This led to their dispersal from Judea into neighbouring regions. But the dispersed Hellenists spread the message of Jesus—the gospel—wherever they went, at first only to their fellow-Jews but soon to non-Jews, Gentiles, as well.

Paul’s Missionary Journey I, AD 44 to 46 (Acts 13, 14).
Image source: © Carta, Jerusalem

This was particularly so in the great city of Antioch in North Syria, where a largely Gentile church (a community of believers in Jesus) came into being. It was the people of Antioch who called the followers of Jesus “Christians”.

In Judea itself a small group of Gentile Christians was formed in the seaport of Caesarea (the headquarters of the Roman governor of the province), where another leader of the Christian Hellenists, Philip, who had taken the gospel to the people of Samaria, made his home for many years. The first member of this group actually belonged to the Roman army: he was a centurion named Cornelius, a convert not of Philip but of Peter.

The most noteworthy convert in those early days was a young Jew called Paul, a native of Tarsus in Cilicia, educated at Jerusalem in the academy of Gamaliel the elder, the greatest rabbi of his day. Paul was at first fiercely opposed to the Christians. When he was on his way to Damascus to round up Christian fugitives from Jerusalem and bring them back for trial, he was confronted by the risen Christ and called to be his servant and messenger in the Gentile world.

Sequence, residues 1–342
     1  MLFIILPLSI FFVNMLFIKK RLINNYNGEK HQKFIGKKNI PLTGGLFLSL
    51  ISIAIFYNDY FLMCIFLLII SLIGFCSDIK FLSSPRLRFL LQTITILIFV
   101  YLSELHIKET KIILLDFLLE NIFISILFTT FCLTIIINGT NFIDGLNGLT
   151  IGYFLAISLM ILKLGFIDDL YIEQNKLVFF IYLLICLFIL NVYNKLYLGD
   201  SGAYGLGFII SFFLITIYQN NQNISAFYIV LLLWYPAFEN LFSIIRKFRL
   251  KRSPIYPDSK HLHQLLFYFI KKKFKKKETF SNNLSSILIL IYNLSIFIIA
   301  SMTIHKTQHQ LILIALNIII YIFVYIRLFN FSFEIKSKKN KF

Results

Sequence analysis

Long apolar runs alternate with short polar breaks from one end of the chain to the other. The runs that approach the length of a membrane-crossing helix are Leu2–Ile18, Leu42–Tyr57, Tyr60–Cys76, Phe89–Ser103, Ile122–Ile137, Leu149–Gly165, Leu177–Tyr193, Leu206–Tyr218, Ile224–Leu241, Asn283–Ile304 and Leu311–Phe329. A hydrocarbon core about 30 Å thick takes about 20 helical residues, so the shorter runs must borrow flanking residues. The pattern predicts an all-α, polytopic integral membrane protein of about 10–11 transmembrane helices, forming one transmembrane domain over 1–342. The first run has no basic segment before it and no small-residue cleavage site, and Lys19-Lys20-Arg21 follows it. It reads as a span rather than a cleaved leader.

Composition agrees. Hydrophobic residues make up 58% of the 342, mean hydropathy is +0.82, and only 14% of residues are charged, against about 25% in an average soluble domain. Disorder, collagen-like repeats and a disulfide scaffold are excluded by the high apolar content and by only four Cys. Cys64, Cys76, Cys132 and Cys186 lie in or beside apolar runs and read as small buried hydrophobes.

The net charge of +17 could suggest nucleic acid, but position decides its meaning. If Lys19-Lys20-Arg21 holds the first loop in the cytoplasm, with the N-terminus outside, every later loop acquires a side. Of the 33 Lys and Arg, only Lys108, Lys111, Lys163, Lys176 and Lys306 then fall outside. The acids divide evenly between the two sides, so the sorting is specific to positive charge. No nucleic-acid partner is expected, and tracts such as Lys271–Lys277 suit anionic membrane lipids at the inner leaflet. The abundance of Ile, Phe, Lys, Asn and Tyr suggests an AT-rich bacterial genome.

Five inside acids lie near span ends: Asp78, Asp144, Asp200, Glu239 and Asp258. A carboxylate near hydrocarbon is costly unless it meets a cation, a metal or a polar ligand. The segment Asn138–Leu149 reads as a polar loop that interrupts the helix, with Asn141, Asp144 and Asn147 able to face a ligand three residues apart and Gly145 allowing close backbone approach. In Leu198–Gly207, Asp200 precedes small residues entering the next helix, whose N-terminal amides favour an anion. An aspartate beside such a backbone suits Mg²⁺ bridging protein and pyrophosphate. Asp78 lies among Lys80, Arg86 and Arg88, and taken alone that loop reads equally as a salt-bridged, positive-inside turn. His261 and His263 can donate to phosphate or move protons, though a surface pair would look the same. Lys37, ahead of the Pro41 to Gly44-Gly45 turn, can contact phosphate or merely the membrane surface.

Paul was neither the first nor the only Christian missionary to the Gentile world, but he gave himself so wholeheartedly to this work that something new was added to the Christian movement. In the first few years of his Christian career he was active mainly in Syria and Cilicia. Barnabas, whom the leaders of the Jerusalem church sent to Antioch to supervise the preaching of the gospel to the Gentiles there, enlisted Paul as his helper in this work.

From Antioch about AD 46 Barnabas and Paul began to take the gospel to Cyprus and central Asia Minor. A large part of central Asia Minor was occupied by the province of Galatia, in which several churches were planted at this time, consisting in the main of believing Gentiles.